by TANVI MISRA
Originally published: January 12, 2017
San Antonio, Texas. Gainesville, Florida. Gainesville, Georgia. These three metros have one thing in common: Between 1990 and 2011, each saw a significant expansion of its foreign-born population. If critics of immigration are to be believed, the native-born residents of these metros—especially the “the least-educated and poorest” ones—would have felt a pinch when these new arrivals squeezed into their corner of the job market. Perhaps some did. But overall, the data show a different picture.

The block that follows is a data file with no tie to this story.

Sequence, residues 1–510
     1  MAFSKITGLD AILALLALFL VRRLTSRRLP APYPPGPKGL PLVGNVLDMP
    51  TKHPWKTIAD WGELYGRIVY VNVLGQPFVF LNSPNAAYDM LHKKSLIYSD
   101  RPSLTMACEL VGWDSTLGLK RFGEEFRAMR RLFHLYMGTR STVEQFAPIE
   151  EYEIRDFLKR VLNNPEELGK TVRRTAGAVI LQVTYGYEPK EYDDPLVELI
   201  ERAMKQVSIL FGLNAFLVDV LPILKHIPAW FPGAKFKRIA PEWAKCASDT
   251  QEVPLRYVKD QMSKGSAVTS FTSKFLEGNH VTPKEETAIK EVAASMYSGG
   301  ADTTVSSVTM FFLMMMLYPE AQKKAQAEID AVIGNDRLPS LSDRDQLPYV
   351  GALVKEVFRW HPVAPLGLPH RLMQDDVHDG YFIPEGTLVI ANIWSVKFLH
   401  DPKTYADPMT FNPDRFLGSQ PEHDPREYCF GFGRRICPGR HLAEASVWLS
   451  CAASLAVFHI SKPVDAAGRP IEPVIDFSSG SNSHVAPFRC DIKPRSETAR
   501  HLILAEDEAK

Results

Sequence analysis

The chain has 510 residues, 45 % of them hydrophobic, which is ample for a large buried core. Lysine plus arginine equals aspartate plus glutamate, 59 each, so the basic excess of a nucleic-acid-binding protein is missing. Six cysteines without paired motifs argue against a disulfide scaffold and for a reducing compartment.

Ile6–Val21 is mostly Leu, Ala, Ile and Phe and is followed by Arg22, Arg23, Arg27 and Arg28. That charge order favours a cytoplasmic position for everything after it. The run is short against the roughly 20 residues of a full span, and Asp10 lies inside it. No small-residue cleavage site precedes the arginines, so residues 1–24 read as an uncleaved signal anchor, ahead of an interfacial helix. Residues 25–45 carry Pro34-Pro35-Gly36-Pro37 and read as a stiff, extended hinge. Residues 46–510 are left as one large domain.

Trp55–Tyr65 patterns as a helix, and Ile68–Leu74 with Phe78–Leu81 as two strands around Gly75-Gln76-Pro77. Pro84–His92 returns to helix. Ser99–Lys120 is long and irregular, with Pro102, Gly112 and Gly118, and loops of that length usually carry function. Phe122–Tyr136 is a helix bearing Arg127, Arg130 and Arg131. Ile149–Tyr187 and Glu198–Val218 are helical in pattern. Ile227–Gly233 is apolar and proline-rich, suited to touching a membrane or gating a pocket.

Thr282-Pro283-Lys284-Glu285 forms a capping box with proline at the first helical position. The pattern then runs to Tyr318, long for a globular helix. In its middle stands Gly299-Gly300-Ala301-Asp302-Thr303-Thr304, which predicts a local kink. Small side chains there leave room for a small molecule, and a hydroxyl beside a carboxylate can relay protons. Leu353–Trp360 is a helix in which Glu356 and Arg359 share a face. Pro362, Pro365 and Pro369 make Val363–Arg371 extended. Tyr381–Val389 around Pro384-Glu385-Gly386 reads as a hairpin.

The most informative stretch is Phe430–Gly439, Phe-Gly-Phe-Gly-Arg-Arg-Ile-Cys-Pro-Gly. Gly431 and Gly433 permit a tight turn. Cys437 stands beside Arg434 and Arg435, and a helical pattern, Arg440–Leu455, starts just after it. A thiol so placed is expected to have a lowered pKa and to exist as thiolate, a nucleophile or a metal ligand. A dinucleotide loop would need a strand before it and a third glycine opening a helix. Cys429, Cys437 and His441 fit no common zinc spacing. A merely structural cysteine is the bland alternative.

In San Antonio, residents across the income spectrum saw their wages rise between 16 and 25 percent over this period. In Gainesville, Georgia, the lowest earners saw a 20 percent increase in wages, and the highest ones experienced a 45 percent increase. In its namesake in Florida, that range was 9 to 35 percent.